Talking about books one has read is bad enough.
Talking about books one plans to read is even more awful.
But, after perusing this month's Atlantic, we now know there's something even worse than those two (mamma mia!). The ultimate in such horror occurs when published authors and kin discuss books they're planning to read. So, without further ado (unfortunately), please enjoy these snippets from the "Summer Reading" section of this month's Atlantic in which established authors (and a few non-authorian notables) let us know what they're going to read this summer. Try not to laugh. Or throw up.
"And I finally feel old enough to inhale Colette's short novels Cheri and The Last of Cheri."
–Author Alan Gurganus
"Farmer Boy, by Laura Ingalls Wilder. The Laura Ingalls Wilder books made up the great literary cycle of my childhood."
–Author Caitlin Flanagan
"I'm heading to a writing colony for six weeks, so I've been carefully considering what to bring...I'll leaf through a classic grammar called The Trivium by Sister Miriam Joseph, because I want a more formal understanding of basic rhetoric."
–Author and critic Dale Peck
"On a pebbled Turkish beach, I shall read: mournfully, That They May Face the Rising Sun, the last novel of John McGahern...; expectantly, a galley of a first novel by Katherine Min, Secondhand World (due out in October)..."
–Author Joseph O'Neill
"I would also like to read Broken Screen: 26 Conversations With Doug Aitken Expanding the Image, Breaking the Narrative, edited by Noel Daniel. For someone as interested in contemporary visual culture as I am, the artist Doug Aitken's interviews with the likes of Robert Altman, Kenneth Anger, Matthew Barney, Rem Koolhaas, and Ed Ruscha are essential reading."
–Former Gucci creative director Tom Ford
"This summer I want fun. I'm half-Syrian, so I want to read more about women in the Arab world."
–Author Mona Simpson
"I find myself more and more drawn to prose written by poets."
Art critic Jed Perl (we must admit—we do enjoy this art critic's use of "drawn" in an otherwise mindnumbing sentence)
"To understand a little more about the historical antecedents to contemporary globalization, I'll be reading Inhuman Bondage, David Brion Davis's analysis of the New World slave trade."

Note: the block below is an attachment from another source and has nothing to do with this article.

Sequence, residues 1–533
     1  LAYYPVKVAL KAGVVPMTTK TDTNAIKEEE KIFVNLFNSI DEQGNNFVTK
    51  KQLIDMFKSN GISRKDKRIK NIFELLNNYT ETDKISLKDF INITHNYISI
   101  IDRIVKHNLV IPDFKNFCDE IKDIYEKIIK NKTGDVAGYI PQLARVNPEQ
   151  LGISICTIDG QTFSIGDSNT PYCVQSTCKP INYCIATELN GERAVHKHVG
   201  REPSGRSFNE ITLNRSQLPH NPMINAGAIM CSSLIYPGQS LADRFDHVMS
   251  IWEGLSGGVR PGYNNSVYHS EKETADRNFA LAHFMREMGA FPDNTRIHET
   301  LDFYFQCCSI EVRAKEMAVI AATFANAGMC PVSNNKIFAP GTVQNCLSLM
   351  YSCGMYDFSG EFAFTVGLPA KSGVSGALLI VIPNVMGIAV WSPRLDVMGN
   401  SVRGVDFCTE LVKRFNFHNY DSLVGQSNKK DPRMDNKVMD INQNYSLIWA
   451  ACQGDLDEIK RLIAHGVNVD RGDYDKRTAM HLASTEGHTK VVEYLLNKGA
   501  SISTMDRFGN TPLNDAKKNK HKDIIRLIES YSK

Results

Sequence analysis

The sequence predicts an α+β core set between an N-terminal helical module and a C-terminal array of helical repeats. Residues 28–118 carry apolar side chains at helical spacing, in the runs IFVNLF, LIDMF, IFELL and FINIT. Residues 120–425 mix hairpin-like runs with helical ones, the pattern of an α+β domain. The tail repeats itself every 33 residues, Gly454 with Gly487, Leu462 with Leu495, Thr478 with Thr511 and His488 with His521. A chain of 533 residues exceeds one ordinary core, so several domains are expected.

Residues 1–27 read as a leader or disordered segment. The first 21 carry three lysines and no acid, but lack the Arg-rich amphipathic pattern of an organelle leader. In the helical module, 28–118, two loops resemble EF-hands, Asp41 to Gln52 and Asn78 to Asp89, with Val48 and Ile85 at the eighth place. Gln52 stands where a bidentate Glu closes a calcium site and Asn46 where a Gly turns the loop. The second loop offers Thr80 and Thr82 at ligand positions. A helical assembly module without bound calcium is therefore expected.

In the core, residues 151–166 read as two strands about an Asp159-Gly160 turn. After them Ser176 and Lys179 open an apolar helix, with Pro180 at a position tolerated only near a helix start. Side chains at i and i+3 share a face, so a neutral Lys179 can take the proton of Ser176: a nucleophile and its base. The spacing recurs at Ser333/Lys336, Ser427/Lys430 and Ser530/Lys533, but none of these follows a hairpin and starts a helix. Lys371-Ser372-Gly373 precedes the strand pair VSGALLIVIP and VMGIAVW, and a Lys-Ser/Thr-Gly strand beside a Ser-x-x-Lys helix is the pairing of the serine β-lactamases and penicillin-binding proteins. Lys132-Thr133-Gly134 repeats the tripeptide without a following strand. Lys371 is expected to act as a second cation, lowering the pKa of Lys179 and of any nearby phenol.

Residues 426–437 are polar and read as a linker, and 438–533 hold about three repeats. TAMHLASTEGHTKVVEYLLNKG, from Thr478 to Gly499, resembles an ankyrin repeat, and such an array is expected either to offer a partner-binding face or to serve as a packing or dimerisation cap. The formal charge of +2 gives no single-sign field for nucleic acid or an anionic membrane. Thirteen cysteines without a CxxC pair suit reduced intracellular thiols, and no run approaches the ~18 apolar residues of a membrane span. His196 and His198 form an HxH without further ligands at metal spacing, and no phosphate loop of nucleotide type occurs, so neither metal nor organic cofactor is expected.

–Vogue fashion news and features director Sally Singer
"I will read Edmund Burke's Letters on a Regicide Peace, his death-bed call for continuing, unremitting war on the French Revolution, after the twenty-eight-year-old Napoleon had led his armies to victory in Northern Italy."
–Editor Perry Anderson
"I will also read A. E. Housman's famously elegiac, deeply moving collection of poems: A Shropshire Lad. Since I hope this summer to walk again through England's wolds and dales, it seems appropriate to be reading such pieces as "Bredon Hill" and "On Wenlock Edge."
–Author Paul Kennedy
"Throughout my one-woman show, In My Never to Be Humble Opinion, I make many (usually humorous) references to biology and how it affects human behavior. Therefore I am revving up to read Genome, by Matt Ridley."
–Radio-show host Dr. Laura Schlessinger
"Theft: A Love Story, by Peter Carey. Because I can't not read a book by Peter Carey."
If you've made it this far through the "inhale"s and "wolds"s and "basic rhetoric"s and "galley"s and people trying to get us to believe they honestly want to read poetry, you have some constitution. Why, it's almost as if a bouquet of flowers were trying to convince you to hire it. Or something. The bottom line is, come on.
Alas, we implore, nay, demand, the Atlantic do a follow-up story in which these people are hooked up to a polygraph machine and asked, in the grand language they seem so fond of, how many of their intended books were actually read. If we may be so bold as to, in one fell swoop, tell you what we're going to read this summer and what the above contributors would have said had they been telling the truth:
"Because I, too, am an elitist, it's necessary that I purchase and distribute about my apartment all kinds of thick books, but, between you and me, this summer it's going to be US Weeklys and the shampoo bottle. As per usuale."
–Your NB editor